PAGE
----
From time to time, folks ask a variety of questions about 64bit IE. I hope to answer the most common questions here.
NEW: Internet Explorer 10+ uses x64 in a fundamentally different way than IE7, IE8, and IE9, the versions for which the post below was written. By default, IE10+'s frame/manager process runs at 64bit, while Desktop Tab processes run in 32bit. Metro-style tab processes run at 64bit. A 64bit JIT was added to improve performance. You can learn more by reading a newer post.
Q: Can I install a 32bit version of IE on a 64bit version of Windows?
A: When you install the 64bit package, the 32bit version of IE will also be installed automatically. You cannot install only the 32bit version on a 64bit operating system, because Internet Explorer updates OS platform components and must update both the 32bit and 64bit versions.
Q: As an end-user, how can I tell what bitness of IE I'm currently using?
A: To see if you're running the 64-bit version of IE, hit ALT+H to open the "Help" menu, and click "About Internet Explorer." If you're running the 64bit version, this screen will say "64bit Edition." Alternatively, check out the x64 button add-on.
A: The simplest method is to check the user-agent string. See www.enhanceie.com/ie/webdev.asp#bitness for more info.
Q: Why isn't 64bit IE the default browser? Why can't I set the 64bit version of IE as the default browser?
A: This was an explicit choice made by the IE team, which may change at some point in the future. The problem is that users might inadvertently get "stuck" using the 64bit version and not realize it. This might cause some problems.
Q: Why? What does not work properly with 64bit IE?
A: Browser addons, including BHOs, Toolbars, and ActiveX controls, must generally be the same bitness as IE itself. So, if you are running a 64bit version of IE, any site that uses, say, Adobe Flash, isn't going to work until you install the 64bit version of the addon. Sadly, almost no browser addons are currently available in 64bit versions, although that's somewhat likely to change in the future as 64bit Windows becomes more prevalent.
There are two 64bit add-ons that I do recommend:
- The 64bit version of Ralph Hare's most excellent mouse gestures addon
- My x64 button, which allows you to easily recognize 64bit IE and reopen the current page in 32bit IE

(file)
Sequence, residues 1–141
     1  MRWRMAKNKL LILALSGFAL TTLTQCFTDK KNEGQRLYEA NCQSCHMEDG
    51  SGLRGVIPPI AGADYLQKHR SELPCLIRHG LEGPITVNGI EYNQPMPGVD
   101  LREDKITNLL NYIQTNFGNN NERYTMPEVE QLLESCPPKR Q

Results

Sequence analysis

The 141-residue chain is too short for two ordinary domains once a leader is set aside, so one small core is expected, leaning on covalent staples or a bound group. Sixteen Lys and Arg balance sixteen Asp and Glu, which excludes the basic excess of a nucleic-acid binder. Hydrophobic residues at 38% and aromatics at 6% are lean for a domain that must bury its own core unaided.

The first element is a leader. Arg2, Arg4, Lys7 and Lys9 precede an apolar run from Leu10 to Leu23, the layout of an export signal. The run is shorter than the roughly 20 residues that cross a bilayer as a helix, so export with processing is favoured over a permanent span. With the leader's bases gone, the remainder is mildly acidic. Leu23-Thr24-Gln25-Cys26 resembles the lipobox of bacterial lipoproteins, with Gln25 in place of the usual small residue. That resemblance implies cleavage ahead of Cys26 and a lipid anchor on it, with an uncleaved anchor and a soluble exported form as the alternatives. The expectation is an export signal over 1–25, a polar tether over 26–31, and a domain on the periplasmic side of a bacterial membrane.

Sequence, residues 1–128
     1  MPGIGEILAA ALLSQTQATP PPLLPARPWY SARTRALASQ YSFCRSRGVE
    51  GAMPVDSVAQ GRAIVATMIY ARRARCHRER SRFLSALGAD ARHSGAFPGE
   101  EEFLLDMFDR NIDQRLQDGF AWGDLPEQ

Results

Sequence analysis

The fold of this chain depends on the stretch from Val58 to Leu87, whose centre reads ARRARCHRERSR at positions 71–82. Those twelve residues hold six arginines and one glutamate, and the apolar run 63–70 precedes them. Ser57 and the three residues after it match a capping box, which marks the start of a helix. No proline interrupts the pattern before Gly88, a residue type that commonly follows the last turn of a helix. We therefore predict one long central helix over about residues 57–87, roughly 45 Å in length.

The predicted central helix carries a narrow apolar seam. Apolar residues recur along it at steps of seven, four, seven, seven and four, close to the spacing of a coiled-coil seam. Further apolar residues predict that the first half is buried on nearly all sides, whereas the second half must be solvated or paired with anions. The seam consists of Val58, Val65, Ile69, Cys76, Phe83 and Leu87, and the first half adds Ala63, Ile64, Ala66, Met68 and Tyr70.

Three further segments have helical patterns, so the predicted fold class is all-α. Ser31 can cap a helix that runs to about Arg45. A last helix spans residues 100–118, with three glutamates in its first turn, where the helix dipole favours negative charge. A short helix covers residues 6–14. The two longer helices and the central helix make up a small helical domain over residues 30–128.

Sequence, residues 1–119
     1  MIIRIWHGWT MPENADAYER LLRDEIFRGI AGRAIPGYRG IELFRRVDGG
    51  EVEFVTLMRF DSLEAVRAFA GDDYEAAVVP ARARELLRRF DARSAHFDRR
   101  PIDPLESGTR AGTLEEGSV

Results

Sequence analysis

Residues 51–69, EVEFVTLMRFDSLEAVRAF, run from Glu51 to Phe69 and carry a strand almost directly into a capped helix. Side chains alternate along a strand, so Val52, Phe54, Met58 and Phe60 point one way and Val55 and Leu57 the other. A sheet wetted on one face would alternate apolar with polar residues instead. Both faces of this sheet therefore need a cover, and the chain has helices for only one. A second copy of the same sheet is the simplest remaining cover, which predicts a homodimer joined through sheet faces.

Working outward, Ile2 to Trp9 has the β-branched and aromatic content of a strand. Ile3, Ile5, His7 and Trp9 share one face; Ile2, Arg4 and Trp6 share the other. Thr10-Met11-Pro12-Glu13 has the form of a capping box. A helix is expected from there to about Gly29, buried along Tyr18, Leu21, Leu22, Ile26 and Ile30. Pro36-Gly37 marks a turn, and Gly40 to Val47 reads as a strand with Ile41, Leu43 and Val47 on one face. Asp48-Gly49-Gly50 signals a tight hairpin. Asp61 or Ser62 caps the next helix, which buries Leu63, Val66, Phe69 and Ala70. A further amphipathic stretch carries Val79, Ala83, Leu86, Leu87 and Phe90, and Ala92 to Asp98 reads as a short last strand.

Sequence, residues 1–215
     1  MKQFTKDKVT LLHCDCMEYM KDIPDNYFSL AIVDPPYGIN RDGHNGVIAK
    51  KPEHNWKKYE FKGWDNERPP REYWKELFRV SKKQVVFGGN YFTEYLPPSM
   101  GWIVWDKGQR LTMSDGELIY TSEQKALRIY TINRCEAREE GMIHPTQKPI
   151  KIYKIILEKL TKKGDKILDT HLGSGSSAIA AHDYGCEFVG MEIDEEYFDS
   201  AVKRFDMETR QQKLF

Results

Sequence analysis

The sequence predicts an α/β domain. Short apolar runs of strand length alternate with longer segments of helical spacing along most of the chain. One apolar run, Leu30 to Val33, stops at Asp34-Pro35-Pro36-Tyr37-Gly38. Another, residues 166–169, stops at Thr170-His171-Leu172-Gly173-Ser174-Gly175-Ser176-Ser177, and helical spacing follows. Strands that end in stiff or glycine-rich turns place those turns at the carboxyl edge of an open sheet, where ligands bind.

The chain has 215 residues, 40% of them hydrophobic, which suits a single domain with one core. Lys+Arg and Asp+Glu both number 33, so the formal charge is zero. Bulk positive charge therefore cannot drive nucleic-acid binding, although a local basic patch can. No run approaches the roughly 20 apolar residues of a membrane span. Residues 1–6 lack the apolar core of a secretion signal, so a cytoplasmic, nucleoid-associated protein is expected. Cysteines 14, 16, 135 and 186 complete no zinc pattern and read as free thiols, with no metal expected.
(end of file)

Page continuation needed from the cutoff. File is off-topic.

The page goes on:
Q: What options/settings are shared between 32bit and 64bit IE?
Generally speaking, 32bit and 64bit share configuration settings wherever possible.
- Homepage and favorites
- Search providers
- Web slices
- Context Menu Extensions
- Security Zone settings
- Autocomplete information, including passwords
- Cookies: persistent cookies are shared
- HTML5 Storage: localStorage is shared
- Binary add-ons: each only loads add-ons that are of the correct "bitness"
- Cookies: session cookies are not shared
- HTML5 Storage: sessionStorage is not shared
In IE9 there's one other major difference between the 32bit and 64bit versions of IE. IE9 includes a new script interpreter which is much faster than the script interpreter in IE8. However, 32bit IE9 also includes a Just In Time (JIT) script compiler which converts script into machine code before running it. There is no JIT compiler for 64bit IE. So, for benchmarks like SunSpider (and script-heavy sites) 32bit IE9 runs script up to 4 times as fast as 64bit IE9 (which itself runs script around 5x as fast as IE8). So, you could end up paying a significant speed penalty when using 64bit IE9 vs using the default 32bit version.
Telemetry data shows that less than half of one percent of IE browsing sessions are conducted in the 64bit browser.
Q: So, is there any benefit to using 64bit IE?
A: There are a few advantages to using the 64-bit version:
- Security: DEP/NX is always on for 64bit processes. (Of course, on Vista SP1+, 32bit IE8+ has DEP/NX enabled by default too.)
- Security: Memory protections like ASLR are more effective (because the address space is dramatically larger)
- Security: Most bad guys only bother to write x86 shellcode, which will fail in an x64 process
- It may crash less. (Because most addons don't load in 64bit IE, it tends to be more reliable.)
- It may be faster to start up. (Because most addons aren't loaded. You can disable add-ons in 32bit IE if you'd like)
Q: Okay, so why offer 64bit IE at all?
Because we have to. 🙂
One thing to keep in mind is that Internet Explorer is basically the combination of a number of platform components, including the networking components (URLMon/WinINET), the rendering components (MSHTML), the script engines (JScript.dll/JScript9.dll, vbscript.dll) and a variety of other pieces that hold it all together. These components must be made available in 64bit versions so that 64bit applications can be built using these components. Additionally, because Internet Explorer can be launched/created/used as a COM Server, we offer a 64bit version to enable hosting inside 64bit processes.
While we could have done work to make it harder for users to get to 64bit IE (e.g. by not creating a Start menu shortcut), I don't think there's any compelling reason to do so.
One day, 64bit IE might see a lot more use, as 64bit systems take over and 64bit add-ons become available. Time will tell.
Got another question (or answer) about IEx64? Let me know!